Still, it’s available. How’s that?
CBD is “legally allowed” in 44 states. In the 28 states in which medical marijuana is legal, CBD products are covered by the same legal protection. Getting us to the 44, 16 states have passed CBD-only laws, which legalize the possession and use of CBD products for specific medical situations.
But keep in mind, most CBD-only states allow possession, but not licensed dispensaries, home cultivation, or any other supply infrastructure.
Just six states currently outlaw CBD: Idaho, South Dakota, Nebraska, Kansas, Indiana, and West Virginia. But even in these states, CBD arrests and prosecution appear to be a low priority.
Believe me, the legality of CBD is complicated, so I’m going to say it again: If you’re considering using it, check the law.
What Is CBD Being Used For?
CBD, reportedly non-psychoactive, wouldn’t sell like it does if it didn’t provide relief for specific conditions. And calls for ongoing research wouldn’t continue if something good wasn’t going-on.
Well, let’s take a look at some reports regarding CBD impact upon several conditions, keeping in mind way more research is indicated. I mean, just as one study says something positive, another study negates it…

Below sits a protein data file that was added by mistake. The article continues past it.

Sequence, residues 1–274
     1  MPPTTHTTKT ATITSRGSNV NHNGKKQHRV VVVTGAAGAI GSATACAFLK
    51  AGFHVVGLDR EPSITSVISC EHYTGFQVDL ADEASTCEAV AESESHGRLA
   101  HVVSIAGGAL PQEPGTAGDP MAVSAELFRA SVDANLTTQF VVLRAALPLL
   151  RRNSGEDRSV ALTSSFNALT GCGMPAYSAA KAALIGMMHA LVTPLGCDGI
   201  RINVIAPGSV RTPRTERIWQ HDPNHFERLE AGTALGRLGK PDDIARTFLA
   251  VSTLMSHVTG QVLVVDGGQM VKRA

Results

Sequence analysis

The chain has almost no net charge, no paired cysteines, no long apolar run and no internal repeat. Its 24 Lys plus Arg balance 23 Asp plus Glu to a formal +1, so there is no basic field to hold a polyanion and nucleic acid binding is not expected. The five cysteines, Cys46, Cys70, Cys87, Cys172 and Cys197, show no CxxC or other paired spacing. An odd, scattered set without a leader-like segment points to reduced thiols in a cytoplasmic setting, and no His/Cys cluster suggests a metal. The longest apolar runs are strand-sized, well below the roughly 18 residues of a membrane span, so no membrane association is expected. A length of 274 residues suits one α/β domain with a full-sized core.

- Bipolar disorder: No positive impact on manic episodes
- Dystonia: Six weeks of daily use may provide 20-50% improvement for some people
- Epilepsy: Up to 18 weeks of daily use may reduce seizures
- Insomnia: Using 160 mg before bedtime may improve sleep
- Parkinson’s disease: Four weeks of daily use may improve psychotic symptoms. Higher doses may make movement and tremor issues worse
- Schizophrenia: Four weeks of four times daily use may improve psychotic symptoms
- Smoking cessation: Inhaling CBD for a week may reduce the number of cigarettes smoked by some 40%
- Social anxiety disorder: Using 400-600 mg may improve anxiety associated with public speaking
So much is up in the air when it comes to the conditions for which CBD may be efficacious. If you’re considering use, you have to do your due diligence, including talking with your physician.